Your boat needs to be set up on passage for the maximum comfort (or lack of discormfotr if you prefer) and convenience, so that you enjoy being at sea.  Truth is, if you hate mess, there's not much difference between stowage on a weekend sailing boat and a long-distance voyager.  Everything needs to stay put whenever your little ship is shaken or stirred.

    Having arrived, anchored, cleared and relaxed in the E D, you will then want to explore it, and then you want a boat that is easy to handle and manoeuvreable - particularly if your charts are of doubtful provenance!  These virtues are also required for day sailing.

    Minimum maintenance and maximum fun.  Perhaps the biggest differences between the inshore and offshore boats are: room for food and water; more and possibly heavier anchors; a substantial dinghy; a more complete tool kit and bosun's stores, which in most cases would mean taking out all the stuff that normally lives in the garage and stowing it on the boat (at least I think that's what people do in houses).  The Best Offshore Boat will still be enjoyable when daysailing, but the best daysailer may not be ideal offshore.

    Having said which, I have met dozens of boats all over the world that seem completely inappropriate for offshore work, whose owners are deliriously happy; I have also gone for daysails on boats that take an hour to organise and then and hour to tidy up again at the end of the day, whose owners also think they are perfect for the job.  Thank heavens we are all different or the seas would be filled with only one type of boat.
  • 11 Jan 2011 06:21
    Reply # 493293 on 492825
    David has pretty much summed things up.
  • 11 Jan 2011 00:33
    Reply # 493060 on 492825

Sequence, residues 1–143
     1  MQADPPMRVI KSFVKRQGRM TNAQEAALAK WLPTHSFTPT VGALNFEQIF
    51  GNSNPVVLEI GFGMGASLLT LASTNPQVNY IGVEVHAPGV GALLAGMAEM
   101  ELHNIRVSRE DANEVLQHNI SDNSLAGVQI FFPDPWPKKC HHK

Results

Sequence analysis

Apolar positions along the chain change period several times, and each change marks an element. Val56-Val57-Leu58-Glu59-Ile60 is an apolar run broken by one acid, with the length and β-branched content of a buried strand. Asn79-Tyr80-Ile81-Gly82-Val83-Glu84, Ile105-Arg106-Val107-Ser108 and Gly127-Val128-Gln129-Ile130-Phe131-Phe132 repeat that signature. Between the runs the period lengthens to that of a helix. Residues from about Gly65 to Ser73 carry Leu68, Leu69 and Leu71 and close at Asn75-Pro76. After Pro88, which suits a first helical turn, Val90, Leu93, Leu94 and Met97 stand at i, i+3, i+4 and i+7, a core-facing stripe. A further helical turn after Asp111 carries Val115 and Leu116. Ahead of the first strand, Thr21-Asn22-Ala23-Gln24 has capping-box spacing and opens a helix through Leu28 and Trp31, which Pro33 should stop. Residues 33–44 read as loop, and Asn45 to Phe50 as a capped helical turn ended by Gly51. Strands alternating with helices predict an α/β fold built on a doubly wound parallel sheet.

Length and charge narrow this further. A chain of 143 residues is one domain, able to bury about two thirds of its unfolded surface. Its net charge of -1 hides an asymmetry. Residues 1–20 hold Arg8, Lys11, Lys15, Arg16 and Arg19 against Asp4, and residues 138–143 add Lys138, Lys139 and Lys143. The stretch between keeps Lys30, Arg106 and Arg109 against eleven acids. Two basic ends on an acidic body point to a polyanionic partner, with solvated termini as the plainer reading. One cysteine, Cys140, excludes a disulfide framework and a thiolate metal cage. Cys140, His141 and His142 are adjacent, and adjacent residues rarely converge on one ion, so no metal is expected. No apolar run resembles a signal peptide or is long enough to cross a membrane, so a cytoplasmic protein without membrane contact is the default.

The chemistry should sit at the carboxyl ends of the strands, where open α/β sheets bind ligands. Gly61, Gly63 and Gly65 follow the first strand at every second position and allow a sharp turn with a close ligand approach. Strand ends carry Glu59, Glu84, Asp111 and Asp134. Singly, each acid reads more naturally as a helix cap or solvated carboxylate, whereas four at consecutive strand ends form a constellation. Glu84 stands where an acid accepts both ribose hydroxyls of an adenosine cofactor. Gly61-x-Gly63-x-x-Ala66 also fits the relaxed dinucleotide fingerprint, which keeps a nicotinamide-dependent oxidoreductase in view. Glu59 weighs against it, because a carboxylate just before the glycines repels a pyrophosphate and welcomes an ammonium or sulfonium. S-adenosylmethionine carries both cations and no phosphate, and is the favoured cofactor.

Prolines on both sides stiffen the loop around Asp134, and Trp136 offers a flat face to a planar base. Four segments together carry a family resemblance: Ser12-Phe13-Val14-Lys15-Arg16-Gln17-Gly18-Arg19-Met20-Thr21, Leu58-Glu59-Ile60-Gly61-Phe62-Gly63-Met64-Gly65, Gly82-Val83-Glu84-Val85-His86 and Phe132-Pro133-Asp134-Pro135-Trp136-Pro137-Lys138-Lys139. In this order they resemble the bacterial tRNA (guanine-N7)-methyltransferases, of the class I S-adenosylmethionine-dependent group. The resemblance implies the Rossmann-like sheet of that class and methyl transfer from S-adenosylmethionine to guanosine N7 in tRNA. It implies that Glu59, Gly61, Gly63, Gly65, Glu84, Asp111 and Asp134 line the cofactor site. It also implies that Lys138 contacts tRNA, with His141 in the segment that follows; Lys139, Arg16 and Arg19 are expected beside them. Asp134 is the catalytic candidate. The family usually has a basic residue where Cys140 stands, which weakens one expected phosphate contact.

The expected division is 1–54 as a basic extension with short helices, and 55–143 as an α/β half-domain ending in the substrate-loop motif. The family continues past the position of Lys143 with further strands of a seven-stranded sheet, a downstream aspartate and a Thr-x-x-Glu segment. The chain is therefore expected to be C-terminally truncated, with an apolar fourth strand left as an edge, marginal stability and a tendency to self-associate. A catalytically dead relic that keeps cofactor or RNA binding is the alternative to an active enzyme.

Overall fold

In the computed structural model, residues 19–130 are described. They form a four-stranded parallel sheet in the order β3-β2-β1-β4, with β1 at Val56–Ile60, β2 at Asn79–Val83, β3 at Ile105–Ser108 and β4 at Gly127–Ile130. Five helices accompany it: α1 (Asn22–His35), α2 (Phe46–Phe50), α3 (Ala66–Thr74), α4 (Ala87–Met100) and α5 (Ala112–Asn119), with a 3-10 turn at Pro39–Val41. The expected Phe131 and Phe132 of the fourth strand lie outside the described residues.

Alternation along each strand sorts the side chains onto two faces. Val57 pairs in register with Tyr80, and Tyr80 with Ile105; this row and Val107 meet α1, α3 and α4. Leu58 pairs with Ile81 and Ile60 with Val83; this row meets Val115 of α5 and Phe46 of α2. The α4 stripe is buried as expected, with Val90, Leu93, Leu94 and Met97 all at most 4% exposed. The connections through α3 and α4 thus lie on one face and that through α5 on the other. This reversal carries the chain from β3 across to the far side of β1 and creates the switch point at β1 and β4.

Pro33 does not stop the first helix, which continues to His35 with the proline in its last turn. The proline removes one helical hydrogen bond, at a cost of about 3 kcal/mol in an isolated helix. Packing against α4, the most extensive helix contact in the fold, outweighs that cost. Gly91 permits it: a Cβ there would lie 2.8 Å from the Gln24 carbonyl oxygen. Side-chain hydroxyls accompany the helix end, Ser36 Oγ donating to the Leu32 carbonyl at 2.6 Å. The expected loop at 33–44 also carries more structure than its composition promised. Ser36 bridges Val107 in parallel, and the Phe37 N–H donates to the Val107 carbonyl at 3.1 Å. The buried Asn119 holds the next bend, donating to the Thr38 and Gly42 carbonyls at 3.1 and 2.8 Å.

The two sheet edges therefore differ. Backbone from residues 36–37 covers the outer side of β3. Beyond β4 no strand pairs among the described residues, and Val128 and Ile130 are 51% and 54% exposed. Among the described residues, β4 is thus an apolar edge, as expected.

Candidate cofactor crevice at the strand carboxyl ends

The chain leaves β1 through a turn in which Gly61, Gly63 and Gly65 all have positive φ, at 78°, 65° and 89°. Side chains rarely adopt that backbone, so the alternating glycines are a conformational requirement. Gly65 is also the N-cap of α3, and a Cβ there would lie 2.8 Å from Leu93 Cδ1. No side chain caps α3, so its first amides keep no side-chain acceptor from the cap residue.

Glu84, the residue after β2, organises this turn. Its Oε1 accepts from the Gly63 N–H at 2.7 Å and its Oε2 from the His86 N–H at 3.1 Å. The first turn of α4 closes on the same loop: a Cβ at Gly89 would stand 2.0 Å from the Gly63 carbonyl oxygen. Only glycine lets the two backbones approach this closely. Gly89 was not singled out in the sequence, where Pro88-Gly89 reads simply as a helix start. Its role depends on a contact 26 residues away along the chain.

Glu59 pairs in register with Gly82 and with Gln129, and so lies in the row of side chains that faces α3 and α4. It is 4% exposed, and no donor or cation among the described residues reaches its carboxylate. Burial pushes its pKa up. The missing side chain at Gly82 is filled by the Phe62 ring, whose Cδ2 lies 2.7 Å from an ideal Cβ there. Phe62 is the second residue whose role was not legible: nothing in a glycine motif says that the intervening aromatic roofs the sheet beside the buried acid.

I agree, there's no difference in validity. The first 45 years of my sailing career, I didn't get out of the British Isles, and had fun racing dinghies, camping in a dayboat, and gentle family weekends and holiday cruising. The last 10 years of my sailing career, I've enjoyed going further afield. Same quality of experience, just different.
       I would say that the difference for JR, inshore/offshore is not to be found in rig type, but more in self reliance, or lack of it. If you sail within reach of a large city, you can find wood, aluminium, plastics, sailcloth, glue, fasteners easily enough. If you're going to remote places, or making an ocean crossing, you'd better have all you'll need with you. This is more likely to be true if you made the whole rig yourself: you know what went into it, you've saved all the spare materials, you've developed the  skills needed to fix your rig. I've sailed up and down the oceans with a rig that is JR-based, but not simple - indeed, it is nearly as complex as a standard production bermudan rig (but very differently complex). I've spent time "fixing my boat in exotic places" ( the definition of long distance cruising), and I've spent time fixing my rig in mid-ocean. But the things I've had to fix have been ropes and sailcloth chafing, battens bending or breaking, things like that. They happen to simple rigs, too.
       But if you press me to suggest "horses for courses", I say that just for a standard trade-wind circumnavigation, I would want a boat and rig that will sail on happily and comfortably, mile after mile, with as little attention needed from me as possible. That indicates simple, flattish JR sails. I'll accept poor windward performance, because there isn't going to be too much of it to be done. Just for cruising amongst intricate, complex channels, in changeable weather, as in Scotland, Norway, Chile and British Columbia, I would want as much windward ability as ever I could manage to get, and quick and easy reefing and sheeting adjustments. Those are the extremes. In between, there's a continuous spectrum of cruising grounds, each with its own requirements, and we have to try to achieve "all-rounder" performance.
    Last modified: 11 Jan 2011 00:33 | Anonymous member
  • 10 Jan 2011 19:27
    Message # 492825
    What do you think? 
    How should people rig for one, or the other?
    What's been your experience of the difference?

    But first, let's agree that there's no difference in validity.

       " ...there is nothing - absolutely nothing - half so much worth doing as simply messing about in junk-rigged boats" 
                                                               - the Chinese Water Rat